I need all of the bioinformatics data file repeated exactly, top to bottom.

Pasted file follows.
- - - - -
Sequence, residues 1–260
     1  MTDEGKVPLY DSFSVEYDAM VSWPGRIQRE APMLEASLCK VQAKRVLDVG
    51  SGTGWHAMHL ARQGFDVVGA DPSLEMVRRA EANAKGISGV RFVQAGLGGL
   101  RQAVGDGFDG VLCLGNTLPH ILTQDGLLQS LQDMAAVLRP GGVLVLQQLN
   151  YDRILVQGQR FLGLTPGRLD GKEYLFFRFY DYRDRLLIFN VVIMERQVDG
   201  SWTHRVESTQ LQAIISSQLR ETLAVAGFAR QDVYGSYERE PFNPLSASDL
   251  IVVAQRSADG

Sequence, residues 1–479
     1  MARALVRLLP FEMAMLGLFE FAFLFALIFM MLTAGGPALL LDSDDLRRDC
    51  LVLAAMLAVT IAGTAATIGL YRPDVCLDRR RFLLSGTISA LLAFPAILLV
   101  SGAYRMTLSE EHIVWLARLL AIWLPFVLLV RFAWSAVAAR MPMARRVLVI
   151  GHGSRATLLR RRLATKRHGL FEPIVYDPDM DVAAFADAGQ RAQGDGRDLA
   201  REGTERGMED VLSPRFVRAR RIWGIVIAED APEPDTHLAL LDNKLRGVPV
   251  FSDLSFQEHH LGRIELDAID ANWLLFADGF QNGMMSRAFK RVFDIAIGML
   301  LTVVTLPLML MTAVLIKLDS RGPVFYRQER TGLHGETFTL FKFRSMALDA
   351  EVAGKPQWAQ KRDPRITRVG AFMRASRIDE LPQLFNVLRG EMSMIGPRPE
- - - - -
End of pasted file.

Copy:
Sequence, residues 1–260
     1  MTDEGKVPLY DSFSVEYDAM VSWPGRIQRE APMLEASLCK VQAKRVLDVG
    51  SGTGWHAMHL ARQGFDVVGA DPSLEMVRRA EANAKGISGV RFVQAGLGGL
   101  RQAVGDGFDG VLCLGNTLPH ILTQDGLLQS LQDMAAVLRP GGVLVLQQLN
   151  YDRILVQGQR FLGLTPGRLD GKEYLFFRFY DYRDRLLIFN VVIMERQVDG
   201  SWTHRVESTQ LQAIISSQLR ETLAVAGFAR QDVYGSYERE PFNPLSASDL
   251  IVVAQRSADG

Sequence, residues 1–479
     1  MARALVRLLP FEMAMLGLFE FAFLFALIFM MLTAGGPALL LDSDDLRRDC
    51  LVLAAMLAVT IAGTAATIGL YRPDVCLDRR RFLLSGTISA LLAFPAILLV
   101  SGAYRMTLSE EHIVWLARLL AIWLPFVLLV RFAWSAVAAR MPMARRVLVI
   151  GHGSRATLLR RRLATKRHGL FEPIVYDPDM DVAAFADAGQ RAQGDGRDLA
   201  REGTERGMED VLSPRFVRAR RIWGIVIAED APEPDTHLAL LDNKLRGVPV
   251  FSDLSFQEHH LGRIELDAID ANWLLFADGF QNGMMSRAFK RVFDIAIGML
   301  LTVVTLPLML MTAVLIKLDS RGPVFYRQER TGLHGETFTL FKFRSMALDA
   351  EVAGKPQWAQ KRDPRITRVG AFMRASRIDE LPQLFNVLRG EMSMIGPRPE